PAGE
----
We are told to avoid sleeping on our back during pregnancy so that you’re not reducing the blood flow to the placenta and ultimately the baby. But how should we best sleep?
We also know that rolling onto your back is a hard thing to avoid but one study has come up with the revelation that wearing a waistband style sleeping device can significantly reduce the time expecting mothers spend sleeping on their back – which is currently about 25 percent of total sleep time, reports Yahoo 7.
The study looked at the maternal heart rate, blood oxygen saturation and sleep and breathing parameters for 25 healthy pregnant women between 23 and 38 weeks of gestation.
“Our findings suggest that women can comfortably sleep wearing a device around their waist that effectively stops them from sleeping on their back,” according to principal investigator Jane Warland from Adelaide.
“Wearing a device that minimizes back sleep, and which is comfortable and doesn’t impact the mother’s sleep length or quality, may be a simple way to reduce stillbirth incidence, especially if the mother is at increased risk due to other factors,” Jane further said of the study recorded in the Journal of Clinical Sleep Medicine.
The PrenaBelt, used for this study, works off the principles of positional therapy to reduce supine sleep with the use of balls that sit tucked into the back to the belt preventing people from rolling onto them in their sleep.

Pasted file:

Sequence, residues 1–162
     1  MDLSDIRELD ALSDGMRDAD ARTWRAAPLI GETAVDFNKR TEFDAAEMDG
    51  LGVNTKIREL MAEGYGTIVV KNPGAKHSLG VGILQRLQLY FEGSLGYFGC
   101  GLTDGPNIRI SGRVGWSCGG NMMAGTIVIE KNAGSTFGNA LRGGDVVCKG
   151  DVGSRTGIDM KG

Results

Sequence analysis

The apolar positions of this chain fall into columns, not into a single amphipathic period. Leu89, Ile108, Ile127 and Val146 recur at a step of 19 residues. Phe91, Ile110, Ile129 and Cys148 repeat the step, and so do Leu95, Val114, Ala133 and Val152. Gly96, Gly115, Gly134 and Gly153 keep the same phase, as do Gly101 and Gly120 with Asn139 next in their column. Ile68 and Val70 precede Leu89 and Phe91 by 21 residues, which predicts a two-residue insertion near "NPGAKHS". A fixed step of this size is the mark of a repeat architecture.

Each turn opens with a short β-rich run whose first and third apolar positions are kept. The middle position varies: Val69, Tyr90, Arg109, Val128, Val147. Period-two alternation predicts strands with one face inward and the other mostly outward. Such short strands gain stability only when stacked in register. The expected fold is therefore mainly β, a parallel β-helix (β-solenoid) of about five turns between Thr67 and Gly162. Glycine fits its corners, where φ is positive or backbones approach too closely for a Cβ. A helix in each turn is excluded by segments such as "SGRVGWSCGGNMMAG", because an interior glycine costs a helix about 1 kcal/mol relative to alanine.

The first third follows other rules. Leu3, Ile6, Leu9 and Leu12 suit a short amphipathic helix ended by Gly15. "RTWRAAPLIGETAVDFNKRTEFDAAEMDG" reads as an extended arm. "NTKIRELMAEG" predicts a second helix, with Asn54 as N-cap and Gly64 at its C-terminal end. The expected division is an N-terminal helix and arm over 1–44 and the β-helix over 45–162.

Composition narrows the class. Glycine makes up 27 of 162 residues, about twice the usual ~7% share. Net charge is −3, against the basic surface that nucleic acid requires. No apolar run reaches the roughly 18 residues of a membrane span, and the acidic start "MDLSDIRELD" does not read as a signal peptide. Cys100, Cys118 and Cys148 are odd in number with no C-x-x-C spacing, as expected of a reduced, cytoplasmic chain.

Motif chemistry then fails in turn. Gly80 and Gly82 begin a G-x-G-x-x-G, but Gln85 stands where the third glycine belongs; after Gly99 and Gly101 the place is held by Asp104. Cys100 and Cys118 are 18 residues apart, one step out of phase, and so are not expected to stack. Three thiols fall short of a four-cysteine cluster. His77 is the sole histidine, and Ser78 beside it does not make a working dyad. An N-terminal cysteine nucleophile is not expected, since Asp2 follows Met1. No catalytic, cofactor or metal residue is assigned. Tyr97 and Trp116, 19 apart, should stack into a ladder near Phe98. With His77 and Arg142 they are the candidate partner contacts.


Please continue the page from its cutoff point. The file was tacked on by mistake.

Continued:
The results found the time spent sleeping supine (on your back) reduced from 48.3 minutes during the control night to 28.5 minutes during the intervention night.
Researchers are now looking at doing further studies to support their findings.
The Best Position
Doctors and midwives recommend sleeping on your left hand side. This position prevents the heavy uterus putting pressure on your liver, and continues to allow the baby to receive the right amount of nutrients and oxygen through the placenta. In fact, not only does this position not restrict blood flow, it actually improves circulation which means your body won’t have to work as hard to ensure you have optimal blood flow for you and your baby.
Research from the University of Auckland has shown women who sleep on their backs in the last months of pregnancy are 3.7 times more likely to have a late stillbirth – read more on that here.
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